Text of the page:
illustrative_image
Source

Second Way- The receiving parameters may be declared as an unsized array, as shown below:

Syntax:-

return_type function(type arrayname[ ])

C

// Program to find the minimum element

#include<stdio.h>

int findMin(int arr[] , int size){ // Receiving array base address and size
    int min = arr[0];
    for(int i =1; i<size;i++){
        if(min > arr[i]){
            min = arr[i];
        }
    }
    return min;
}
int main(){
    int arr[5] = {76 , 89 , 67 , 23 , 24};
    printf("The minimum element is %d\n ",findMin(arr , 5)); // Passing array with size
    return 0;
}

OUTPUT

The minimum element is  23

C++

// Program to find the minimum element

#include<iostream>
using namespace std;
int findMin(int arr[] , int size){ // Receiving  base address and size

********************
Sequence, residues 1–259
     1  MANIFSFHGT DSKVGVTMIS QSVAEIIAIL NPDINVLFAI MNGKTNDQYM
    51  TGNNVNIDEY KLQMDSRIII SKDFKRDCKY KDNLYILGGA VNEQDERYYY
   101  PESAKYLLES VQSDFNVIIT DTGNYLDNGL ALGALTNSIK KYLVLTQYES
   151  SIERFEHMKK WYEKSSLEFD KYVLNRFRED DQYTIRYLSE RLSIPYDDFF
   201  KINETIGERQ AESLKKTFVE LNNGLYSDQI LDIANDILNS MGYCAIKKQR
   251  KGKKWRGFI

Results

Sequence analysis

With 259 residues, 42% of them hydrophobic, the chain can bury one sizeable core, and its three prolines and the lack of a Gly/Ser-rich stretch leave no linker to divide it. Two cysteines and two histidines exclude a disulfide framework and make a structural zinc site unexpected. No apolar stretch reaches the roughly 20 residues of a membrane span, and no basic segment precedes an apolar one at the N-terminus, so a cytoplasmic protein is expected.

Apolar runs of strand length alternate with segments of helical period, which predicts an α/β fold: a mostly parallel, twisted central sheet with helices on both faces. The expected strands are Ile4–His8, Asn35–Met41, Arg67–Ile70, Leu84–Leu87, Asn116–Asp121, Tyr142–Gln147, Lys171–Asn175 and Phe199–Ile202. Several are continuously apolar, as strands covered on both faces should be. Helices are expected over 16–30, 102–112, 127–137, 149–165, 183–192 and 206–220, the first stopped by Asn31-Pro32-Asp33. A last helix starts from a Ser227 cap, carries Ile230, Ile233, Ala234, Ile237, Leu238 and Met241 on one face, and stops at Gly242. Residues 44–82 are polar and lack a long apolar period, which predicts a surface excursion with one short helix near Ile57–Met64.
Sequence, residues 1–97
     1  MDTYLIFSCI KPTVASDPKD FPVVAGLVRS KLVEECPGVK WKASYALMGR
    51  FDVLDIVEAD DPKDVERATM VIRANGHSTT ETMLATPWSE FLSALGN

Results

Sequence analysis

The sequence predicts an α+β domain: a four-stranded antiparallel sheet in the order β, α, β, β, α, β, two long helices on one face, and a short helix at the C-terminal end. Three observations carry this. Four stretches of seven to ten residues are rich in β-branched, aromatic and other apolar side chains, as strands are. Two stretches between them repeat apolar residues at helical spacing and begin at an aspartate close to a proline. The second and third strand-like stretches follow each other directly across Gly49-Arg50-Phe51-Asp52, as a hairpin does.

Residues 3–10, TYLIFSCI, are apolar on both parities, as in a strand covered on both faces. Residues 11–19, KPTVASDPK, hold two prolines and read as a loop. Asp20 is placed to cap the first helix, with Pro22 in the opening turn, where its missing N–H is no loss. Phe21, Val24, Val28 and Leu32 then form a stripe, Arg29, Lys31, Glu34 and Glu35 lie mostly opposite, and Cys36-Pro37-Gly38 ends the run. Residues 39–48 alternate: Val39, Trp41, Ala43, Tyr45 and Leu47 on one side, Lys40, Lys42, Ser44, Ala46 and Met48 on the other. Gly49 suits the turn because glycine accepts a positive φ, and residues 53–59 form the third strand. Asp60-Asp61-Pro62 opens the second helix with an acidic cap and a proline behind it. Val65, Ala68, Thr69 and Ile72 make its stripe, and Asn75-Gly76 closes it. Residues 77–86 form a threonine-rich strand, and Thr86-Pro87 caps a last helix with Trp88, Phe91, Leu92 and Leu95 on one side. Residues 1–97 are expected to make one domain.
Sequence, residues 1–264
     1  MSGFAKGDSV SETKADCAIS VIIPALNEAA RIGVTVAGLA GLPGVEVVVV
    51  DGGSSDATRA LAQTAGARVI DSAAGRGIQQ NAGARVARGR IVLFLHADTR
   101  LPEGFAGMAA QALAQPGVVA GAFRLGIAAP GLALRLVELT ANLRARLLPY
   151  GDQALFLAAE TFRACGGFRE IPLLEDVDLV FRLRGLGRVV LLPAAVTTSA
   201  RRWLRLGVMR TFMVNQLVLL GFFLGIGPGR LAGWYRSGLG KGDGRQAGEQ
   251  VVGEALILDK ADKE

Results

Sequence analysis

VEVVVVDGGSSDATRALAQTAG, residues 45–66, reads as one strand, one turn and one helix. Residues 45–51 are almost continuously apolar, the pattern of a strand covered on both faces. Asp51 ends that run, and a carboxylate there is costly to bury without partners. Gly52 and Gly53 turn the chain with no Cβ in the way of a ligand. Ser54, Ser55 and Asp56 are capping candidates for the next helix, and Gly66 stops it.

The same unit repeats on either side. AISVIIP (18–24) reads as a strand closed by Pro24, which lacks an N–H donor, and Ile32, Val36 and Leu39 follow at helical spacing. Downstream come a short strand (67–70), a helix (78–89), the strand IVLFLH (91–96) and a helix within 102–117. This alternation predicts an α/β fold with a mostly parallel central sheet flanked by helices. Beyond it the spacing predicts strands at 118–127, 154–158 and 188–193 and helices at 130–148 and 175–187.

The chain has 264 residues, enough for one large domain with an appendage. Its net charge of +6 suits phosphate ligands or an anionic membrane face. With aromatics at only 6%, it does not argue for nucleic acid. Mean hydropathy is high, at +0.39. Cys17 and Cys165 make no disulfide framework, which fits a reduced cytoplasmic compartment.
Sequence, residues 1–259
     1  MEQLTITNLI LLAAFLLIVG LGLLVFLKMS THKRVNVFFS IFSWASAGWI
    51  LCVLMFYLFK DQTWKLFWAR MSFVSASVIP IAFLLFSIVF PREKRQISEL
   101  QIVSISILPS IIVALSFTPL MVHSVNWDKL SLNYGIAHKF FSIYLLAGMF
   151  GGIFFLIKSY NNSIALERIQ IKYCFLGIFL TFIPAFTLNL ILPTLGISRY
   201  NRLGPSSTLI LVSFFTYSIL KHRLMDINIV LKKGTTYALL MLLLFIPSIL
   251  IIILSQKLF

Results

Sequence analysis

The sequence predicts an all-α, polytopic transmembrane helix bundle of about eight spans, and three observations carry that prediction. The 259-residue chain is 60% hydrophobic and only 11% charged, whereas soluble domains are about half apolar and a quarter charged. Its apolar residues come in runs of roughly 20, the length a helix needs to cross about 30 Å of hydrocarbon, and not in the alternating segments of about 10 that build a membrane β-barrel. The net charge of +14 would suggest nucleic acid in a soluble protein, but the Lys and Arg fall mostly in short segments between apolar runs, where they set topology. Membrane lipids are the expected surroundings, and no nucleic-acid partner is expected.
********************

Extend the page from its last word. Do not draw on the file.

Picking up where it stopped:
int min = arr[0];
    for(int i =1; i<size;i++){
        if(min > arr[i]){
            min = arr[i];
        }
    }
    return min;
}
int main(){
    int arr[5] = {76 , 89 , 67 , 23 , 24};
    cout<<"The minimum element is  "<<findMin(arr , 5)<<endl; // Passing array with size
    return 0;
}

OUTPUT

The minimum element is  23

Since the compiler converts an array declaration( informal parameters of a function) into an array pointer, the actual size of the array is irrelevant to the parameter.

Third Way- The receiving parameters can be declared as a pointer, as shown below:

Syntax:-

return_type function(type *arrayname) {}

C

//Program to reverse the array using function

#include <stdio.h>
void reverseArray(int *arr, int start, int end) //Receiving parameter declared as pointer
{
    while (start < end)
    {
        int temp = arr[start];
        arr[start] = arr[end];